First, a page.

2008: Editor of the Biogeosciences special issue (30 papers published) for the Biogeochemistry and Optics South Pacific Experiment (BIOSOPE)

1999-2005: Co-Organizer of three international HPLC intercomparison exercises (NASA funds)

2008 AGU‐ASLO‐TOS meeting, Orlando, FL. Organizing Committee

2009 US OCB Floats and Gliders Workshop, Moss Landing, CA. Steering committee

Supervision 13 students and 4 post‐docs

PI of the PROSOPE (32 days, 28 scientists) and BIOSOPE (55 days, 35 scientists) cruises

CNRS Silver Medal (2005)

ERC advanced grant (2010‐2014)


Between 2001 and 2010, Hervé Claustre was Chair of the French Scientific Committee for the Oceanic Biogeochemistry Program ands thus responsible of coordinating the yearly call topics as well as the subsequent evaluation of submitted projects.

One of his strongest wishes is to help with the progressive implementation of an international Bio-Argo program, following the model of the (exemplary) Argo program. In this context, he has served or serves in several committees. He was (2008-2010) the Chair of the “Bio-Argo” Working Group of the International Ocean Color Coordinating Group (IOCCG). Presently he is member of the scientific and technical advisory group of the Euro-Argo consortium, member of the Argo Science Team, member of the SCOR Unesco Working group “Quality Control Procedures for Oxygen and Other Biogeochemical Sensors on Floats and Gliders” and member of the international committee of the SOCOM (Southern Ocean Climate Observation and Modeling) program. He has led several sessions at international meetings (e.g. AGU/ASLO/TOS) on “new science applications” based on floats and gliders.

In 2004, Hervé Claustre was the PI of the international BIOSOPE cruise [Biogeochemistry and Optics South Pacific experiment, supported by French, European and US (NASA) agencies]. This 2-month cruise with 35 scientists onboard realized a 8000 km transect from the Marquesas Islands to Chile, crossing the unknown (desert) waters associated with the South Pacific Gyre. The BIOSOPE project focused on Ocean Optics (satellite validation), biogeochemistry and molecular biology. To date, more than 85 papers using the BIOSOPE data have been published among which a special issue in Biogeosciences (35 papers).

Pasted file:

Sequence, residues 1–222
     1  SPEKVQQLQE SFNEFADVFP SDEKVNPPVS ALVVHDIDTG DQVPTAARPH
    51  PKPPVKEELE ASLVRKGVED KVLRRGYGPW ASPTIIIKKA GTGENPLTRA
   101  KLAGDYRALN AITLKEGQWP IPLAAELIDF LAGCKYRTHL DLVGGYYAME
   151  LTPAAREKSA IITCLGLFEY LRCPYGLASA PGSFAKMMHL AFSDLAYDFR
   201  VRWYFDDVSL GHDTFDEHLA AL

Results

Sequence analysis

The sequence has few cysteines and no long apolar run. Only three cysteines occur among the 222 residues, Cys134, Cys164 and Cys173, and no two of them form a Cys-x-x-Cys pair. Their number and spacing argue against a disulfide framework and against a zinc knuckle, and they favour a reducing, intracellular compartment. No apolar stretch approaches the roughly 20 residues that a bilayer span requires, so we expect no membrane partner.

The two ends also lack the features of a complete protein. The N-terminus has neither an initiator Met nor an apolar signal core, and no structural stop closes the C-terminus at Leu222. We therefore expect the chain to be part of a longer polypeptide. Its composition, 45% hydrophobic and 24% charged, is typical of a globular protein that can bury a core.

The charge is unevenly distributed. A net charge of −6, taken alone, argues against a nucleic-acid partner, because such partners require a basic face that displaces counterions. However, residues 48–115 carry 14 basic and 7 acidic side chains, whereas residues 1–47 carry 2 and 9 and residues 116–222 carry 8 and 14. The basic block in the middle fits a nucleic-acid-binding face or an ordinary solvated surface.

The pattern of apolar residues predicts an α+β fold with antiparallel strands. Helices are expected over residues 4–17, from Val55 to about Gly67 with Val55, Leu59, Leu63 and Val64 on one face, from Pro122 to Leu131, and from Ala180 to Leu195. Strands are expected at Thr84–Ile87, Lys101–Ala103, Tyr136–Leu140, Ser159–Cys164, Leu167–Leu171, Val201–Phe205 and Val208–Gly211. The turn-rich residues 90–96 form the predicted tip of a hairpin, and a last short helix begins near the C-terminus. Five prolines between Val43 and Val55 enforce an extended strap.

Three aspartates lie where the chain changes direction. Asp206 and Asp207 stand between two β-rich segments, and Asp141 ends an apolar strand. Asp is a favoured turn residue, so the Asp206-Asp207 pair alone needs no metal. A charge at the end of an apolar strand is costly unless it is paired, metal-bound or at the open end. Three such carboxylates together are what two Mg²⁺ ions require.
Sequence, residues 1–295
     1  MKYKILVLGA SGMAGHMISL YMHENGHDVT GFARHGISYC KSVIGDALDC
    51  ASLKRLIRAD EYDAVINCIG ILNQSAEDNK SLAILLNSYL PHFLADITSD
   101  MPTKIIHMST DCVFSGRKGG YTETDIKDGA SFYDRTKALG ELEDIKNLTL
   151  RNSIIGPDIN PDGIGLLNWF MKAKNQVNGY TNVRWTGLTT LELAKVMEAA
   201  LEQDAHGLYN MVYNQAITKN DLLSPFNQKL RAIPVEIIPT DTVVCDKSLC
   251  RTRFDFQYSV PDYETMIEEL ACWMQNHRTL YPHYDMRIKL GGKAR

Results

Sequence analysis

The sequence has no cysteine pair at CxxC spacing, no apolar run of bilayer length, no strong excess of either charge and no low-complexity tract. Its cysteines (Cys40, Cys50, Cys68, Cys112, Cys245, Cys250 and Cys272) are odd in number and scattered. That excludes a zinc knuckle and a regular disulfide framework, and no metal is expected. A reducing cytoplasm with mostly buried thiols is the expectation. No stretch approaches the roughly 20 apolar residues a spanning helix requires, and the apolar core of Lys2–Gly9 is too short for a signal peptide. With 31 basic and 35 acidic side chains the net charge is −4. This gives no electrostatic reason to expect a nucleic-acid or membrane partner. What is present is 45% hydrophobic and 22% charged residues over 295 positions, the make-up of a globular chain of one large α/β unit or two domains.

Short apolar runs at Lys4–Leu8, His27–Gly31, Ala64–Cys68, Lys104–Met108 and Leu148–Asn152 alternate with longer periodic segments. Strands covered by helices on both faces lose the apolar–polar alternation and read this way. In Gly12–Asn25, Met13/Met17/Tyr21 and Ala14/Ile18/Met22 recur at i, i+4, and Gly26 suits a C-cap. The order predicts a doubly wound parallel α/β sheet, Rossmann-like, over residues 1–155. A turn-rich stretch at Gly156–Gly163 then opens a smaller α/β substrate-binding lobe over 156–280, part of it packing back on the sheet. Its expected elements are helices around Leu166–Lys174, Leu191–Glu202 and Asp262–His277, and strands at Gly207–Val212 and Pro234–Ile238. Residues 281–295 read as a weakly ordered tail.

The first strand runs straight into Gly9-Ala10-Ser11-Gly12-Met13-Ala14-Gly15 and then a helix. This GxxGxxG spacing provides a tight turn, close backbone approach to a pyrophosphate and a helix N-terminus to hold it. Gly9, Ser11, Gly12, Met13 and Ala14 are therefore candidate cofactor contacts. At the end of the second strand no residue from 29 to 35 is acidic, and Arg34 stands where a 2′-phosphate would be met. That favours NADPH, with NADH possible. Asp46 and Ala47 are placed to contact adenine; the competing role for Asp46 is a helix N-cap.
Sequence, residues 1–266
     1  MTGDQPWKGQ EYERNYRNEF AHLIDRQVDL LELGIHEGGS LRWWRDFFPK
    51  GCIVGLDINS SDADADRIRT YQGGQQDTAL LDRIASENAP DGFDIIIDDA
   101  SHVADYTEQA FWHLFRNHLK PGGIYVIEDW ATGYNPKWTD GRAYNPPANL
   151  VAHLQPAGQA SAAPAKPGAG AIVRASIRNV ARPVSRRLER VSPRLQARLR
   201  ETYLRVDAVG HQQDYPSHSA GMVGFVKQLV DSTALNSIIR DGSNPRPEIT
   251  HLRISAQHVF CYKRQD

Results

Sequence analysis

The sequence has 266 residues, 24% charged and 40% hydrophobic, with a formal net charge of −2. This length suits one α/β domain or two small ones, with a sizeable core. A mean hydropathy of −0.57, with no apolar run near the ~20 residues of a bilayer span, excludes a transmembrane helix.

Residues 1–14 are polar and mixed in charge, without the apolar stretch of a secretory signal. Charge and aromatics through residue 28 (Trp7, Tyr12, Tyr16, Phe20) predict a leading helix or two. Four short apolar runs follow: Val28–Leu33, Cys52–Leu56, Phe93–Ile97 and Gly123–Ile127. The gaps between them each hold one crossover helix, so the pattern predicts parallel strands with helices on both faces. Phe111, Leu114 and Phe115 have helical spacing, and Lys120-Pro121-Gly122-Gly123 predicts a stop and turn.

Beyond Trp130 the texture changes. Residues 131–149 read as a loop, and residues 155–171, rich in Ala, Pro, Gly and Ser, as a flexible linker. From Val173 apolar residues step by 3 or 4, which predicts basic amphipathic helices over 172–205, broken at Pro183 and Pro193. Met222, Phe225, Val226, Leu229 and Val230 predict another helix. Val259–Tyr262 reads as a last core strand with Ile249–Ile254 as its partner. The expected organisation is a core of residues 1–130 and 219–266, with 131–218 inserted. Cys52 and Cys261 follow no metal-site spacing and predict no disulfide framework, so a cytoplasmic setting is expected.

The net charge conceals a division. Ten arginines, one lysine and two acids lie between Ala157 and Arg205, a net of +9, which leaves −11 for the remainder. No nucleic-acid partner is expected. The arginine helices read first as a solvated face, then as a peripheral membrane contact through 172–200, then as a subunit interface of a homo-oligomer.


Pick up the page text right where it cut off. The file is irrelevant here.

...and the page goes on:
Within the Laboratoire d’Océanographie of Villefranche, Hervé Claustre is leading the Ocean Autonomous Observation (OAO:, whose topics range from scientific analysis and valorization of data acquired by autonomous platforms to technological developments of new sensors (e.g. a Jelly fish camera) or platforms (e.g. the group is involved in the development of the SeaExplorer robot).

Hervé Claustre is highly concerned by outreach and science dissemination to a wider audience. In this context he is co-PI of the educational projects « Mon Océan & Moi » and « Adopt a float » which aims at increasing ocean literacy of large public and especially the youth (see: ). These projects are presently involving more and more scientists, engineers and students from the LOV in these outreach activities. Internationalization of “adopt a float” (by different classes of different countries) is presently one of the future targets of this project. This project has been endorsed by the International Oceanographic Committee of UNESCO.

Within the dynamic climate system, the vast Southern Ocean represents a significant carbon sink.